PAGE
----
FORT SMITH — Eighth and ninth-graders in the Trinity Junior High School technology class recently paired classroom work in a restaurant simulation with real-world examples.
The students spent two months developing a business plan for opening a restaurant. To cap off their studies they were visited by local restaurant franchisees to tell the students about fast food chains in the region.
K-MAC executive Sam Fiori, CEO and owner, shared about his humble beginnings.
“In 1972, when I was 16, I began working as a cook at Kentucky Fried Chicken, one of a group of three. I was promoted to chef manager, assistant manager, district manager and VP, and then I became an owner of my first restaurant.”
K-MAC Enterprises today operates 300 Taco Bell, Kentucky Fried Chicken and Golden Corral restaurants in nine states. Joining him at Trinity were Tina Reagan, K-MAC’s president and COO, and Dennis Casey, director of operations.
Reagan had a similar story, starting in the chain at 17 and working her way up to her present position. Neither Fiori nor Reagan went to college, but they urged students not to make the same choice.
“Me, I didn’t go to college,” Fiori said, “but both my kids graduated from the University of Arkansas. A lot of what goes on in business is just hard work, good work ethics and loving what you do.”
Fiori’s son, 36, and daughter, 30, are graduates of Trinity Junior High School, and, as an alumni parent, he remains committed to its success. He is a new grandparent and looks forward to his grandson attending Trinity in the future. The Fiori Charitable Trust contributed a grant to Trinity’s technology department.
Casey said he was particularly impressed with the students’ projections of start-up and operating costs.
“That’s something we keep track of every day,” he said.
Technology teacher Jeff Hines, a recently retired information technology executive, structured the course to give students a hands-on experience.
“We spent the first half of the semester learning applications, such as word processing and spreadsheets,” he said, “and the past two months on this simulation. Each student team chose a concept, theme, cuisine and location. I asked them to describe the concept and what made it unique. They used technology to research locations and develop HR policies, design menus and restaurant layouts and make financial projections of operating and start-up costs.”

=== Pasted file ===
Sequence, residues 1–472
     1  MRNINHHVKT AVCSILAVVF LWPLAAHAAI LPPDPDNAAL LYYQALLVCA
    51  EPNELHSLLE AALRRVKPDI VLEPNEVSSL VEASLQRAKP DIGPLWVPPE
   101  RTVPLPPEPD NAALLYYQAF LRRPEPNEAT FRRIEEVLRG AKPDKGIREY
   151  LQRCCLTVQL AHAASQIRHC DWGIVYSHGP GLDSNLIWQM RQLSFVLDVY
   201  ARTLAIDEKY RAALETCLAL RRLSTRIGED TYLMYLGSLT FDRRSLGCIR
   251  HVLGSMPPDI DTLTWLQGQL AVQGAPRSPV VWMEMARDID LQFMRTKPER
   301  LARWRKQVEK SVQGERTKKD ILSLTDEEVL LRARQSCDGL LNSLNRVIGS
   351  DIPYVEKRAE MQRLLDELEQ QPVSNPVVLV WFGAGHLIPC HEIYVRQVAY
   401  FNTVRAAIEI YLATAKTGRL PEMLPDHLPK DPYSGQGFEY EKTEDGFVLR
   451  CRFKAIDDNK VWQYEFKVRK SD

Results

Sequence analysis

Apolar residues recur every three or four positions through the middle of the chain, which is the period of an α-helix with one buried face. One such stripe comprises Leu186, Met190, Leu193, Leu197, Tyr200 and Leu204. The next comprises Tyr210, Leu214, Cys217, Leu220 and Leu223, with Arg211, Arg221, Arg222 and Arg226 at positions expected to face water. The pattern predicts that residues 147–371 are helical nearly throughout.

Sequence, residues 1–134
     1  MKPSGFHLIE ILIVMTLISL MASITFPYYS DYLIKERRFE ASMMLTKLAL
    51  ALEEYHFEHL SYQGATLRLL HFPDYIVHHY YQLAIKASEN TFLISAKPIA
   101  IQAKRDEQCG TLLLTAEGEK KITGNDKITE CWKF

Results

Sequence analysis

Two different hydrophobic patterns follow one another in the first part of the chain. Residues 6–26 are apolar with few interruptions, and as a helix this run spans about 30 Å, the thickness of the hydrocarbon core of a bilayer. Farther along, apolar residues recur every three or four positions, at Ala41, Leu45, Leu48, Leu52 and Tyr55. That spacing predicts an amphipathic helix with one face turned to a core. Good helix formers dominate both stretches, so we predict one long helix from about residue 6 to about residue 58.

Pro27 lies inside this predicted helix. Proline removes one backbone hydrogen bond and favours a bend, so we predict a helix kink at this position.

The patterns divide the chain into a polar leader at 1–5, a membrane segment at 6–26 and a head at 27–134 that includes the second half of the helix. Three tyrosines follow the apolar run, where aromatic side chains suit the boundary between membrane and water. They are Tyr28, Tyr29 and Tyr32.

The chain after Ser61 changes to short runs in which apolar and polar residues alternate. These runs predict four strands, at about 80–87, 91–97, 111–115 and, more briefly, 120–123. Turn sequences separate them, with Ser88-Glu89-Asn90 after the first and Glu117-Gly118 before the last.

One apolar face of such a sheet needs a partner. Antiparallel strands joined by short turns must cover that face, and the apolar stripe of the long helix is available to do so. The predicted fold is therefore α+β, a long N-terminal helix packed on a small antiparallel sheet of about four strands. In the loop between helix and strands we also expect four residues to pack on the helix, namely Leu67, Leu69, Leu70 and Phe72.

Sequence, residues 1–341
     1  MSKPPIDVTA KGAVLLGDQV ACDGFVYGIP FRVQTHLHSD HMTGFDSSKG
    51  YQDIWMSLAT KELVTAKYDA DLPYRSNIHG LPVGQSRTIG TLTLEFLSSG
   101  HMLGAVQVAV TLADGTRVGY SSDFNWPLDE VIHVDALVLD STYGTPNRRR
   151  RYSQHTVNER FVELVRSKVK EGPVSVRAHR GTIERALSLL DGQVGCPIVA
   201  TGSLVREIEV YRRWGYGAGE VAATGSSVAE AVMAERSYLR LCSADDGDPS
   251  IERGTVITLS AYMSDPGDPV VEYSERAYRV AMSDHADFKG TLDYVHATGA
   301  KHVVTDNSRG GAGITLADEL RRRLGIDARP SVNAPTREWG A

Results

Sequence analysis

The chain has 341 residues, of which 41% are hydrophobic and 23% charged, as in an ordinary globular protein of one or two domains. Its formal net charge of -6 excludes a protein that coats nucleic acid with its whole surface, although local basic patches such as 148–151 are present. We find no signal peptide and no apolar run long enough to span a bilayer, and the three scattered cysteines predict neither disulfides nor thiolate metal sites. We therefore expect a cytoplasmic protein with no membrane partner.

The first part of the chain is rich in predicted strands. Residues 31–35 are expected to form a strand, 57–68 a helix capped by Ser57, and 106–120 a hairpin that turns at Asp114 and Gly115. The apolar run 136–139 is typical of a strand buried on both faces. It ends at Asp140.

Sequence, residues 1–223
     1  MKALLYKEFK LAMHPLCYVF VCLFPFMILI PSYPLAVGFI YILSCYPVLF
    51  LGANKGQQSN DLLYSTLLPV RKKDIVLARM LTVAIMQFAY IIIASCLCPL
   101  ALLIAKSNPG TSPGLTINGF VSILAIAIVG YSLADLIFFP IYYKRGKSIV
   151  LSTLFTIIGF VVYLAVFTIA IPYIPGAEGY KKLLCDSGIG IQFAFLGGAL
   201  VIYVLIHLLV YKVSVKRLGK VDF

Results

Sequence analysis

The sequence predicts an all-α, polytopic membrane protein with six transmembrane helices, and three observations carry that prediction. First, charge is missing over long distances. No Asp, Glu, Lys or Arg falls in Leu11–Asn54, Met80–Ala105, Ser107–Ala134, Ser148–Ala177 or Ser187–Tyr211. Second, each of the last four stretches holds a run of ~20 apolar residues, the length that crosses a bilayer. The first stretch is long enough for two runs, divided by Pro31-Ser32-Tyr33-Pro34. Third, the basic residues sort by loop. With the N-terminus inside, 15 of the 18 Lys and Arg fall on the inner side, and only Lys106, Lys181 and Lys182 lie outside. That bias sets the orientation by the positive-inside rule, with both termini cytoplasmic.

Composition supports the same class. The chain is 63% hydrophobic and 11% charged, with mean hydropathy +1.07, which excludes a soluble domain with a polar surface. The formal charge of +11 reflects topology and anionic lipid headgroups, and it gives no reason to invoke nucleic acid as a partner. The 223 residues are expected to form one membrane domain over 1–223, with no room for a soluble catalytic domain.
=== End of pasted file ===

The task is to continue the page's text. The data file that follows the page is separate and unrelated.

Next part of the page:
The restaurants the students designed included fast food, ethnic cuisine, destination restaurants and sports bars.
“Are you all just this creative?” Reagan asked, and Hines assured her they were.
In the question and answer session that followed the K-MAC executives’ presentation, Fiori stressed the importance of choosing the right location.
“Fast food is an impulse purchase,” he said. “You should place your restaurant on a busy street with ‘generators’ such as Home Depots or shopping centers nearby.”
The restaurant industry uses much more technology than it did when Fiori began his business. K-MAC is opening 14 new restaurants in 2017 and chose its locations using tech-savvy real estate consultants. Every item K-MAC sells is tracked, and at the end of each day restaurants determine what percentage of revenues are spent on food. Computers are used in employee training, and employees are recruited and screened through Indeed.com.
All agreed that finding and keeping good employees is vital to a restaurant’s success. K-MAC makes a practice of promoting employees from within.
“If you hire the right people and invest in their future, they will move up and become really proud of where they work,” Reagan said.
When asked how he built his business, Fiori said, “A lot of times it’s all about having a good business plan and a unique concept, but the biggest thing of all is providing an outstanding experience. Our job is to make sure our stores are as clean as they can be, our food is as fresh as it can be, and that it’s served fast all the time.”
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